1. Treat your deferral as a second chance. Being deferred is a bit disappointing, but you haven’t been denied. Instead, you have a second chance to be admitted! Your deferred application will be reconsidered in the regular round of decision making. Assuming you have continued on a positive course in the first part of your senior year, you have new information that can and will make the application you've already submitted even better.


2. Update your application in one go. Rather than sending things in dribs and drabs, assemble all your updates into one package of materials and submit them all together with a short and polite cover letter. That way, all the updates together will make a cohesive and persuasive statement about you. (Sending updates individually also makes it more likely that something will be misfiled or lost.) If that college remains your first choice, make sure to reiterate that in your cover letter.



3. Use good judgment about what to send in your update. Here are the five kinds of updates that can help your deferred application (listed in order from most influential to least influential):

  • New (and good) grades

  • New (and higher) test scores (if you managed to take a test this fall and your test scores stack up favorably, send them even if you didn’t send test scores initially)

  • New academic honors or awards

  • Anything that demonstrates your Core Four – check Week 2’s post if you don’t remember what the Core Four are.

  • Anything you have done that demonstrates interest in that college.

  • A positive word from someone who has a deep and influential connection to the university (major donor, board member, alum, tenured faculty, high-level staff).



You can, of course, also submit other kinds of updates, like additional essays, recommendations, or supplementary materials. But we're not as enthusiastic about encouraging you to submit those, because those kinds of updates get mixed reviews from admissions officers. They tend to be more of the same, and they usually serve only to make your file fatter and more time-consuming for an already harried admissions officer to get through.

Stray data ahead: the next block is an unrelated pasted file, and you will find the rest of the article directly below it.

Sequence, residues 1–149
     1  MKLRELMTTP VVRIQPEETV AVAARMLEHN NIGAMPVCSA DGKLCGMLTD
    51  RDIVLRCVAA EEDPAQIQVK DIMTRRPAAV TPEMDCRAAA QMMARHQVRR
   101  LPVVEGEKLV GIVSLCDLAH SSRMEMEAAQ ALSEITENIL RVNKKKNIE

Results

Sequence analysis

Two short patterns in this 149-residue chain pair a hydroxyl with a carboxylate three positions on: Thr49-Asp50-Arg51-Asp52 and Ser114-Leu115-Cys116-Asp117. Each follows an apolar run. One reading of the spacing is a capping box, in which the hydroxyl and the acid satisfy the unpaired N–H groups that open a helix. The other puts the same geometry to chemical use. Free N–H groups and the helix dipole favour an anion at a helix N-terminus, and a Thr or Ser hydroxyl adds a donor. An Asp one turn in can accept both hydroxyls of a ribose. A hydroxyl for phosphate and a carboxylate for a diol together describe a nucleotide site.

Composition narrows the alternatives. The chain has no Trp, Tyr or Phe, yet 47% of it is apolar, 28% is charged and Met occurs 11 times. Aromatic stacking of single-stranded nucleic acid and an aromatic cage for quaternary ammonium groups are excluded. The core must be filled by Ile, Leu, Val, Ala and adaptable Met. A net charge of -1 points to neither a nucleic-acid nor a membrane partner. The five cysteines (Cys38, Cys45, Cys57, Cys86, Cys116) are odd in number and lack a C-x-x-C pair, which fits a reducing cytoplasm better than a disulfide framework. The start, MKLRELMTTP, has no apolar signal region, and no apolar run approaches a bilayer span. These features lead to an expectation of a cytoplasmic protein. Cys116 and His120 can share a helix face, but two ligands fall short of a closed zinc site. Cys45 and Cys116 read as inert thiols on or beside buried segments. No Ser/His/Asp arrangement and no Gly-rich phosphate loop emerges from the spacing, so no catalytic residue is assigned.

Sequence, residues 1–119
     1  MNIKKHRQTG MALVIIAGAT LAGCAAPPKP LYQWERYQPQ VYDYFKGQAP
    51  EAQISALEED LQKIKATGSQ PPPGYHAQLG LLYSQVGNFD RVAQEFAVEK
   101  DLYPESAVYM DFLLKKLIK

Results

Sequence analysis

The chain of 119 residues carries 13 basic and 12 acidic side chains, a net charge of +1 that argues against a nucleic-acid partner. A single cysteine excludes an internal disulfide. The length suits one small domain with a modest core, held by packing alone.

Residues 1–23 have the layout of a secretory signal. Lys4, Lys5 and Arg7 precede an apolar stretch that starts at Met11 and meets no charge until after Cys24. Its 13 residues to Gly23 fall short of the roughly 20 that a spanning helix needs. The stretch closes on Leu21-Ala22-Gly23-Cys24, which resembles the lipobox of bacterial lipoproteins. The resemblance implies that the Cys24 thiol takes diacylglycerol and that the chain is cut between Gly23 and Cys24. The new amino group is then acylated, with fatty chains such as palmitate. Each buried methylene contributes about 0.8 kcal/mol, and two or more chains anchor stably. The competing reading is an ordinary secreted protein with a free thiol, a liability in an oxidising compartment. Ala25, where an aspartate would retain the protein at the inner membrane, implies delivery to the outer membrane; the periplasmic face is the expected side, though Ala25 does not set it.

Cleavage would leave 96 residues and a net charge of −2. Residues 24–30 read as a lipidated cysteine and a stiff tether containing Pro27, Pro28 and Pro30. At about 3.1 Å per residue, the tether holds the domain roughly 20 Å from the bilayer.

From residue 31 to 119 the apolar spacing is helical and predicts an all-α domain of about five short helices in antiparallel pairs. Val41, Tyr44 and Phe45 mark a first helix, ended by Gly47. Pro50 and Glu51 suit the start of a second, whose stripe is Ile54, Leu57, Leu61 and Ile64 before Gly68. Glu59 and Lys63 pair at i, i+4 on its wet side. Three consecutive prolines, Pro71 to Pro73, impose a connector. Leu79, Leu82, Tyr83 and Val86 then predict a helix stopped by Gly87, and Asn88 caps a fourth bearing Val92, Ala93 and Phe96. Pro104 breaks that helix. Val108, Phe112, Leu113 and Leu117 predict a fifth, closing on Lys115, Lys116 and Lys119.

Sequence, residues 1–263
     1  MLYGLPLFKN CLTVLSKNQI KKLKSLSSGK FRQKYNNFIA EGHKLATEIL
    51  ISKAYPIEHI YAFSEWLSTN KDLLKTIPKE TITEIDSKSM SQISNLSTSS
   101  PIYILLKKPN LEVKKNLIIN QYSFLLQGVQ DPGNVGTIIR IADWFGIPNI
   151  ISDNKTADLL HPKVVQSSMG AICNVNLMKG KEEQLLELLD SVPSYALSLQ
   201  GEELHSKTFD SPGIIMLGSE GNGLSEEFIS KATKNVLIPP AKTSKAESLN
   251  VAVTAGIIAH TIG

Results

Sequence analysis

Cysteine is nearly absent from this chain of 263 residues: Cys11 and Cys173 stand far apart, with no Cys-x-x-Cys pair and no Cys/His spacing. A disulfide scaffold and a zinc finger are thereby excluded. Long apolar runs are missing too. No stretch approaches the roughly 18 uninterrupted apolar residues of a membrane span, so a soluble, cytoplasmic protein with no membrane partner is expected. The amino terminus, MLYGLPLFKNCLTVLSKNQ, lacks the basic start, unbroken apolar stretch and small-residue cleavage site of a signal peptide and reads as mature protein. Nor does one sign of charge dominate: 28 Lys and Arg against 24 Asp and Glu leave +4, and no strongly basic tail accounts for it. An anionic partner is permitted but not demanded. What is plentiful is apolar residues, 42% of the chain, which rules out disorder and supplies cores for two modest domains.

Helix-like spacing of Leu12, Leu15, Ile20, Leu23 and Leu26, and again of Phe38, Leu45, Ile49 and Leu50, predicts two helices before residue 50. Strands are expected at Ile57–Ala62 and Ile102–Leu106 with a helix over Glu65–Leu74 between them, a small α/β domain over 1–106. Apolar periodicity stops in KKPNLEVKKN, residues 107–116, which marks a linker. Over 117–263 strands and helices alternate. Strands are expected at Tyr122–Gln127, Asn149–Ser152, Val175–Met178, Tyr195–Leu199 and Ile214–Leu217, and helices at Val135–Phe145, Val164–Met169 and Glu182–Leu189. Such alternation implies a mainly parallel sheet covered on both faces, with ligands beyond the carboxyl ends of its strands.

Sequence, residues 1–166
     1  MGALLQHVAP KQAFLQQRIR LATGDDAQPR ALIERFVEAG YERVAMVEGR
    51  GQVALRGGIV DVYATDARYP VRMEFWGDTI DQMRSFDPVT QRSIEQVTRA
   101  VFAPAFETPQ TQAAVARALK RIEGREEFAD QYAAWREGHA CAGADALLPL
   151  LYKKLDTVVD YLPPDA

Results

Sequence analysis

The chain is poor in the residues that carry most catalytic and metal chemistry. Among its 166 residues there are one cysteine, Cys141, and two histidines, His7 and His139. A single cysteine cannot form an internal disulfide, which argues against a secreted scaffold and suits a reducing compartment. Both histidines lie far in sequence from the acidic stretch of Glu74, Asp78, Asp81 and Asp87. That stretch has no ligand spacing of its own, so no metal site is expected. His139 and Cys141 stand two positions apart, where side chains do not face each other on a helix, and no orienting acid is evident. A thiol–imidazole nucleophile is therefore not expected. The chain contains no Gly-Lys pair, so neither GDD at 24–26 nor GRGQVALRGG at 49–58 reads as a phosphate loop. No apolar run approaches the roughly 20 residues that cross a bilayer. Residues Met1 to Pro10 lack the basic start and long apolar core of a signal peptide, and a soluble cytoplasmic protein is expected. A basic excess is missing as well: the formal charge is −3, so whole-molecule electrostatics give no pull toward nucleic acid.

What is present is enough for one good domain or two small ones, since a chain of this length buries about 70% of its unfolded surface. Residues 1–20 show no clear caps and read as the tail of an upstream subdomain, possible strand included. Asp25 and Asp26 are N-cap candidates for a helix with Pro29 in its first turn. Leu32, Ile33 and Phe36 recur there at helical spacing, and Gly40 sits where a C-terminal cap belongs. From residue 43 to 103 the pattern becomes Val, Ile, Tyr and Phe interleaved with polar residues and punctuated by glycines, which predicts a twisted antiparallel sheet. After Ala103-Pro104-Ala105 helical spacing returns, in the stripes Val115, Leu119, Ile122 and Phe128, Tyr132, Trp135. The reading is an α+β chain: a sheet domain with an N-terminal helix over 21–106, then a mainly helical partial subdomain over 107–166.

If you were DENIED


1. Wallow in your misery for a short time and then move on. No question that being denied by a college where you applied feels bad. So let yourself feel bad for a little bit. Allow yourself as much as 48 hours to rant, rave, cry, or be grumpy. You just don’t want to get stuck here.


2. Then regroup quickly. Remember life isn’t over and you can go onto a perfectly wonderful future. So dust yourself off and get back in the game. You still have the option of applying to other colleges for their Regular Decision or Rolling deadlines. Sometimes we take a shot and we miss. We all do at one point or another. Don't quit now...tap into your inner resilience and keep going.


3. Do some deep analysis of what went wrong this time. Then set about doing it differently. Was that school a long shot because of your credentials? Do you have newer, better credentials that you can showcase for your next batch of schools? Do you have a more realistic list of schools to pursue? Did you lose steam when you got to the application forms themselves? What can you do better or differently going forward? Do you need to take a gap year to fix bigger problems? Consider both your short-term and long-term options.



Anna Ivey is one of the founders of Inline. An experienced admissions consultant and a frequently cited media expert on the topic of college admissions, she is also co-author of the college admissions bible How to Prepare a Standout College Application. Learn more about Anna's background here.